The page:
I did something this morning at 3:30 a.m. after I went for my bathroom break. I sat down on my bed, getting ready to do one of my Lectio Divina’s for the day, when I thought about the monks at Our Lady of the Holy Spirit Monastery (Trappist) in Conyers, Georgia. They begin their Liturgy of the Hours at 4:00 a.m. each day and I try to make my morning offering each day at that time. As I do each day, I traced the sign of the cross on my forehead to remind me that my day will be spent seeking God as I find Him. This morning, when I began my Lectio (always Philippians 2:5), the Holy Spirit brought me the idea that the seemingly insignificant sign of the cross that I just made on my forehead was more profound than I could have possibly imagined. Here are some of the ideas that I remember having this morning.
The sign of the cross I make on my forehead encapsulates the whole Divine Equation of God in that one action. It is the birth of Christ in my heart this very day, the road to Jerusalem that I travel wherever it may take me, it is the miracles I see and do in the name of Christ this day to transform myself from my sinful self to my true self as an adopted son (daughter) of the Father. It is all those times I consciously die to my secular self to prefer nothing to the love of Christ (Chapter 4, St. Benedict’s Rule). Every time I do trace this sign on my forehead, I give praise and glory to the Father, through, with, and in Jesus, in union with the Holy Spirit. It is the sign of contradiction, the possibility of the manifestibility of meeting Jesus, Son of God, Savior in the depths of my soul, in silence and solitude, just Jesus and me. In this one moment, all creation is in resonance with its purpose, the physical universe, the mental universe, and the spiritual universe on earth as it is in heaven. It is the real presence of Christ in the Eucharist that I sign on my forehead and in my heart. The sign that is a stumbling block to the Jews and folly to everyone who does not believe that Jesus Christ is Messiah, the Son of God, Savior. It confirms the resurrection is real in not only the Church but also in me.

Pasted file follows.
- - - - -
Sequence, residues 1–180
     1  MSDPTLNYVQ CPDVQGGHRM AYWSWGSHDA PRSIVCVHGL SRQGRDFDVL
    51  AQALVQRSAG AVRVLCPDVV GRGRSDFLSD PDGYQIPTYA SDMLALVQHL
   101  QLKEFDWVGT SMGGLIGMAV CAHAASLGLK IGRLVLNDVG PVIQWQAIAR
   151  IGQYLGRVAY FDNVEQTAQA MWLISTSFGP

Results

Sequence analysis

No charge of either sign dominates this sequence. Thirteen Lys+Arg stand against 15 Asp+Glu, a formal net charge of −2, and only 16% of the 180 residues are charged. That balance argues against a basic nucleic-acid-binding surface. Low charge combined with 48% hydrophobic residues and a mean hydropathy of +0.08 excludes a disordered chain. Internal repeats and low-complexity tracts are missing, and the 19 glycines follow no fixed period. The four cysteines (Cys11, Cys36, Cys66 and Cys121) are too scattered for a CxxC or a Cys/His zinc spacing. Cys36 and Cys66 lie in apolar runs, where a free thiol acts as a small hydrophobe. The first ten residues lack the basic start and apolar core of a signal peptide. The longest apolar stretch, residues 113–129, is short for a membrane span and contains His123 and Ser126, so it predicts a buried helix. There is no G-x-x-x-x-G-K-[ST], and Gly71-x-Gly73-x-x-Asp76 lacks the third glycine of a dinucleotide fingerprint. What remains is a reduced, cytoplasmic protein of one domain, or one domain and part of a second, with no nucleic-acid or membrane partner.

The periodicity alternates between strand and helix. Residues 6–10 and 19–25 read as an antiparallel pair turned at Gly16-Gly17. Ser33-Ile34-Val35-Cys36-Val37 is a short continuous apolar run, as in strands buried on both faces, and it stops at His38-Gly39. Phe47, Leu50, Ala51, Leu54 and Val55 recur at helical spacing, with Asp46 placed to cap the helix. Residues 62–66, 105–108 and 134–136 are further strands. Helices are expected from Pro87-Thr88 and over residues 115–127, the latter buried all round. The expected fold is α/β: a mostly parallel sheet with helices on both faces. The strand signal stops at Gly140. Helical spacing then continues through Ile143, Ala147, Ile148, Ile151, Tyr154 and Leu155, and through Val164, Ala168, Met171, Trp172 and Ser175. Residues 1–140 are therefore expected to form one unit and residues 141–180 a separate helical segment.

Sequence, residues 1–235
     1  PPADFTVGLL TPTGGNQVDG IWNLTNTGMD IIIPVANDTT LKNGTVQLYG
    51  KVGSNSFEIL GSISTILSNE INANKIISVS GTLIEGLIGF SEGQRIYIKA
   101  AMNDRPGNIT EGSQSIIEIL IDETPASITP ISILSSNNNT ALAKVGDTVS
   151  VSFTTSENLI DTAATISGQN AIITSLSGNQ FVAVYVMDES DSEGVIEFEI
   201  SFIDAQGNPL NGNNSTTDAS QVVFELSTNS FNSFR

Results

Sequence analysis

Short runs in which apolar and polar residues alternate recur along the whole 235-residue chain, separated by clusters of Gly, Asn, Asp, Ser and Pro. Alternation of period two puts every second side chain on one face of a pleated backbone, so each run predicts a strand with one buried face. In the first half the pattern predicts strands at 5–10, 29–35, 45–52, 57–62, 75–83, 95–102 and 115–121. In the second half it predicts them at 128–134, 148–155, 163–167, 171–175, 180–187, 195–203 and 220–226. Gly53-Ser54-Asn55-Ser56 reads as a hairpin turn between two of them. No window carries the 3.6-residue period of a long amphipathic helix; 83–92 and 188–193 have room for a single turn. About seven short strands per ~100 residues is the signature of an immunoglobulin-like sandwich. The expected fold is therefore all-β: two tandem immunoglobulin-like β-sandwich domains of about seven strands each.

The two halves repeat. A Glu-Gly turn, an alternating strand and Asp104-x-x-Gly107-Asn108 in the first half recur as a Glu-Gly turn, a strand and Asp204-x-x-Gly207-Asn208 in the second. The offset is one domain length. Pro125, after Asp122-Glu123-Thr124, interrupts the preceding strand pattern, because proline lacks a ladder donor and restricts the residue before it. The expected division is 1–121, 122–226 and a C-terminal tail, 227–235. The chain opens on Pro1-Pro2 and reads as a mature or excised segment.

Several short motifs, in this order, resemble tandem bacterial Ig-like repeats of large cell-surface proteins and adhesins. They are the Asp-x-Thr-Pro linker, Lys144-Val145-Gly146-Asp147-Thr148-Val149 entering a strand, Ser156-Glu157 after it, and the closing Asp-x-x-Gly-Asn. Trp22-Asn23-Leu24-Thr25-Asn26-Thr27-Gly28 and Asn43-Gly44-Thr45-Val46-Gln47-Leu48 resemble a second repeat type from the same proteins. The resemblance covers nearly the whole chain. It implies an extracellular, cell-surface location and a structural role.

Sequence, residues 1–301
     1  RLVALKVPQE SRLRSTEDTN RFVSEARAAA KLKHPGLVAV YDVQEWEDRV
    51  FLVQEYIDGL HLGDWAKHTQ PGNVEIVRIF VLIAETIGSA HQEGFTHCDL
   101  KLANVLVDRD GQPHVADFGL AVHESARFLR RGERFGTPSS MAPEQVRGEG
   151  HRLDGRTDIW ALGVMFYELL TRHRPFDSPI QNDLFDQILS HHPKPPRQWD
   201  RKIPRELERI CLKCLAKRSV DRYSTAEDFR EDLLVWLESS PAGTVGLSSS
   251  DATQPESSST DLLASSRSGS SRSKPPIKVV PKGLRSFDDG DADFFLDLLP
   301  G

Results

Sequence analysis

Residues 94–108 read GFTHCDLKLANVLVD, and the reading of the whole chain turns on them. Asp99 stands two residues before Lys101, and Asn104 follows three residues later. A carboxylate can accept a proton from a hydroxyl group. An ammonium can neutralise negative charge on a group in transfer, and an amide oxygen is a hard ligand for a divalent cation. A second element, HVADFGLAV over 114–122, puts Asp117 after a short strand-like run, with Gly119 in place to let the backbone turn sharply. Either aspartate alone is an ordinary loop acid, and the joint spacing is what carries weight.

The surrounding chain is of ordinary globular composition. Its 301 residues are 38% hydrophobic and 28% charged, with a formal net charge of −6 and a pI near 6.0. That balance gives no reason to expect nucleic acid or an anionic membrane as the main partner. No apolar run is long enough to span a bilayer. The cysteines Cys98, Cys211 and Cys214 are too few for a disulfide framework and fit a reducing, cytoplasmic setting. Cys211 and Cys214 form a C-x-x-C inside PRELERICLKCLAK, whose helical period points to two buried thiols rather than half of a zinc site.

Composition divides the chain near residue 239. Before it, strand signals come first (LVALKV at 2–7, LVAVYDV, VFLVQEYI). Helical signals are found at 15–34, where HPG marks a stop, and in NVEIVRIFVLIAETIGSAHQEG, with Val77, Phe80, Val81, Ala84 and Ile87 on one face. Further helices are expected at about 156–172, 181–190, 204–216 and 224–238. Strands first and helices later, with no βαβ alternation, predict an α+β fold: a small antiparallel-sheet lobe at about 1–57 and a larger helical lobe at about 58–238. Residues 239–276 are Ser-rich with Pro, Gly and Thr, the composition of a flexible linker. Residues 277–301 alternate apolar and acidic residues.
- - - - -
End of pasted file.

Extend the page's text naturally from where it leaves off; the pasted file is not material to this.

All in that one moment, the cross on my forehead echoes the cross tattooed on my soul at Baptism, allowing me to call God Father and trying to be worthy of being an adopted son of the Father, brother to Jesus the Christ, and friend of the Holy Spirit, all of whom are one and all allowing this fallible human to stumble down the road of life trying to have in him the mind of Christ Jesus (Philippians 2:5).
Making the cross on my forehead is a sign of my Faith that Jesus is Lord and Messiah. It is something I don’t have to do but I do it because it reminds me of the love Christ had for each of us and how I must love others as Christ has loved me. I make this sign to show my love for the Father, this sign of his Son made once for us and in which we participate each day in transforming ourself from the World to the Spirit. I always make the sign of the cross on my forehead as the first act of a new day asking God for mercy as I give mercy to other, praising the Father for allowing me to share in The Divine Equation. I use the Lay Cistercian practices and charisms from the Benedictine and Cistercian traditions of men and women who prefer nothing to the love of Christ.
Each day this sign reminds me that, throughout the world, the Church Universal is using this same sign to seek reparation for the sins of the World, to give praise and glory through Christ, to activate their Faith through listening to what the Holy Spirit tells them. There is only One Lord, One Faith and One Baptism, and only one sign by which we are saved, the sign of the cross.
Each day, this cross reminds me that I am but a pilgrim in a foreign land and that the words of the world have the opposite meaning in the spiritual universe. Familiar words we use daily in the physical and mental universes (the World), such as Love, Peace, Meaning, Fulfillment, and Relationship, have the opposite meaning in the spiritual universe, due to the assumptions involved. These are not my assumptions but come from God. This is another way of saying I choose God’s purpose for my life and not the World’s.
Praise be to the Father and to the Son and to the Holy Spirit, now and forever. The God who is, who was, and who is to come, at the end of the ages. Amen and Amen. –Cistercian doxology